That Anonymous Coward (profile) says:

Re: Re: Re: Re:


0/10 – well at least mom thinks your funny… looking. 😀

And if your primitive mind could actually comprehend words other people write, you’d see I was honored to place that high on both lists. When you consider I’ve not been here that long and originally came just to deal with the Copyright Troll lawyers, I think I found a place where I fit in.

But you keep reaching for the stars, maybe someday you will find someplace where people think your brand of “instant troll” just add insults will make you popular.

Franklin G Ryzzo (profile) says:

Re: Re: Re: Re:

There is a big difference between consulting every citizen and being held accountable to the citizens you represent. You don’t need to ask every single person to understand that what you are supporting is representative of what they feel should or should not happen. Being that you are the king of intellectual dishonesty it may be hard to fathom that some people actually believe their governments should act in their best interests and represent the will of the people, but it’s true.

Having a bad day? Your ad-homs and strawmen are particularly weak this evening?

Anonymous Coward says:

Re: Re: Re: Re:

Pure represenatative democracy is not working. We do need some direct democracy influences. When a LOT of people oppose a law, they should actually be able to stop it, or at the very least put it through a long process of public debate.

Signing it in secret is NOT how democracy should be done.

That Anonymous Coward (profile) says:

If you look at all of the other times the US has meddled in other countries affairs its really hard to find a time they didn’t screw up.

Maybe the new rule of thumb for the rest of the world should be if the US is for it, be against it. Not talking about what the publicly say but all of the closed room antics they go through to keep corporations happy.

Oooh trade sanctions with the US… what is it that we make here again? Once upon a time that might have been a real threat, nowdays… not so much.

Justin Olbrantz (Quantam) (profile) says:

Re: Re:

Where’s that one guy talking about how boycotting is a violation of people’s free speech, and something only done by Nazis? Oh yeah, that only applies when citizens voluntarily boycott a company he likes. There’s absolutely nothing wrong with a government forcing its people to boycott the businesses of a country he hates.

Or so he tells me.

Anonymous Coward says:

Machiavelli would be proud

US State used the double entendre ?Spain can not afford to see their credibility questioned on this issue.” That is exactly how you threaten a heavily in debt country (due to Socialists over-promised social benefits ? see also; Greece).

It starts by giving the people what they want until the shit hits the fan and the govt has to step all over the people?s rights to stay ?in control?. History of the world.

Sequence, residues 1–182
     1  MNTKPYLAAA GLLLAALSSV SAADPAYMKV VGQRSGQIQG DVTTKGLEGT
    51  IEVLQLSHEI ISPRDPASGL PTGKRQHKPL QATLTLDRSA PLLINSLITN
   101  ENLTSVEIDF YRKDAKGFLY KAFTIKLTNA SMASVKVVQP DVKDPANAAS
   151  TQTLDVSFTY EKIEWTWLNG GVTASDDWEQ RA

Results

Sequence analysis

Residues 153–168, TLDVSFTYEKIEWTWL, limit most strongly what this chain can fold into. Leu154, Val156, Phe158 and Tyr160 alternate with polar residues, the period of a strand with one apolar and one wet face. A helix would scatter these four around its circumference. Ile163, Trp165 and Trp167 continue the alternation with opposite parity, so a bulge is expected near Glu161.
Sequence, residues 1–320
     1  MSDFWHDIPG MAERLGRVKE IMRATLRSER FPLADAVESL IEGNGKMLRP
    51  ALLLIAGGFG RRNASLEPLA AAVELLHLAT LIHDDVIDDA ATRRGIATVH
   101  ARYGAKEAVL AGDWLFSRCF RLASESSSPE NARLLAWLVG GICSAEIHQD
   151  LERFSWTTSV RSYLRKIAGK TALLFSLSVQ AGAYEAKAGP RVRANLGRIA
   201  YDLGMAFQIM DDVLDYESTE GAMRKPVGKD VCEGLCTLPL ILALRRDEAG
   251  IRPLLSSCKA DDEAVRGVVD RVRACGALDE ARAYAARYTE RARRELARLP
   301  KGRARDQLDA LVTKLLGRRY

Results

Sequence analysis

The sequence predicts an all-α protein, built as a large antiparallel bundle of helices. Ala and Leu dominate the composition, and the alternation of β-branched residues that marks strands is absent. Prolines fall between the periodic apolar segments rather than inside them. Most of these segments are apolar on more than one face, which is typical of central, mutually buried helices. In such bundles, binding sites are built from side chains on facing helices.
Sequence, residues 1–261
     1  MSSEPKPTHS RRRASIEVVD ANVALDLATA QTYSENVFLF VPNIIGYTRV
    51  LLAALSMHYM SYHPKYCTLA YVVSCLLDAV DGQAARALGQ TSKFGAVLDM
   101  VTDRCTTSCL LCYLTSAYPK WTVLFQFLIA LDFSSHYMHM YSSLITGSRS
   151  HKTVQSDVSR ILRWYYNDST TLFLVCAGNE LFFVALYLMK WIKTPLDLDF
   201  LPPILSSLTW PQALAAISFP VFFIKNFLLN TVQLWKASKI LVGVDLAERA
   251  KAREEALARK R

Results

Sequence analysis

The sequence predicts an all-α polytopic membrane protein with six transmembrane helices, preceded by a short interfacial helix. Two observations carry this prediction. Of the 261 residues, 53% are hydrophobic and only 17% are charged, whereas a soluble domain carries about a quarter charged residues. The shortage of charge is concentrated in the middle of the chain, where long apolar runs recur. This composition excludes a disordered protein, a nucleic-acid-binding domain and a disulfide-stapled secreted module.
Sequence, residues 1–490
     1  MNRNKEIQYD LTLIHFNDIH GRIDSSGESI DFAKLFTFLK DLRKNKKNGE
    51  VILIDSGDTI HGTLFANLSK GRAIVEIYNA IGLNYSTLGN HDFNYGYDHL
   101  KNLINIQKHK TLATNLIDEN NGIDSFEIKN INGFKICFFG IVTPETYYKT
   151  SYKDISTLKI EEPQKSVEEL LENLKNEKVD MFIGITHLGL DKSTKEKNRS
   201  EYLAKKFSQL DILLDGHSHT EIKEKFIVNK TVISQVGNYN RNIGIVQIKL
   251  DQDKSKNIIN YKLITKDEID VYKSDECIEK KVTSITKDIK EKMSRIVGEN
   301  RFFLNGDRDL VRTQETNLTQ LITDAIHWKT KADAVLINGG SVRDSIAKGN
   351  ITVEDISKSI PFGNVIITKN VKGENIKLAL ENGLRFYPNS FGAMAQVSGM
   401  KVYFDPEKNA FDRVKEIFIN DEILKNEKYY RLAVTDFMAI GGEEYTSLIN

Anonymous Coward says:

The U.S. government is just funny.

Feds Want Judge to Force Suspect to Give Up Laptop Password marvelous display of how to uphold the US constitution there and done no less by the US government.

Sir James Dyson: China Stalls IP Reform at Its Own Peril I used to like that guy he spent years living off of his wife work trying to invent something better and he did, now he keep saying that he needs protection. I saw some of his latests products he ripped off everybody else and he claims he needs others to respect his bogus patents?

hmm (profile) says:

What I find funny is

That the US (cash) debt is 15.1 trillion, but the asset debts are around 156 trillion (multiple times the value of the entire planet).

At this point money is the same as IP, just a method of controlling mass populations and hoping they won’t rise up against you………

The big problem however is that the top-end rich people have gathered most of the wealth to themselves by making the vast majority of the population poor, meaning the poor can’t continue to buy things to keep the rich rich.

And whats the point in having billions if its just bits of paper that people start to ignore as they switch to either bartering or localized currencies?

The whole system could be about to reach an interesting feedback loop where the top-rich have 99.99999999% of the GOVERNMENT SACTIONED money, but the overwhelming population doesn’t give a rats ass because it uses another system entirely…..

Violated (profile) says:


Hilary Clinton sure owes us an explanation. All her long discussions on a free, fair, open and uncensored Internet, followed by her SOPA/PIPA concerns, then she is the very head of foreign policy in the State Department that FORCED Spain to do everything she claims she hates.


Fucking politicians would sell their soul to the Devil for a gold coin. I can’t wait for the next time Hilary is taking public questions to highlight the colour of her hypercritical actions. Had she any honour she would condemn this Spanish censorship and quit.

hmm (profile) says:


There’s a saying “misery loves company”.

If the US is becoming (sorry HAS BECOME since Obama is now a de-facto dictator and doesn’t represent the people anymore) a totalitarian state and the dollar is considered worthless, why don’t we take a few other countries down with us.

Side note – how long do you think it is before the current administration “suspends” the electoral system because of “homeland terrorists”…….and simply ‘disappears’ anyone who disagrees?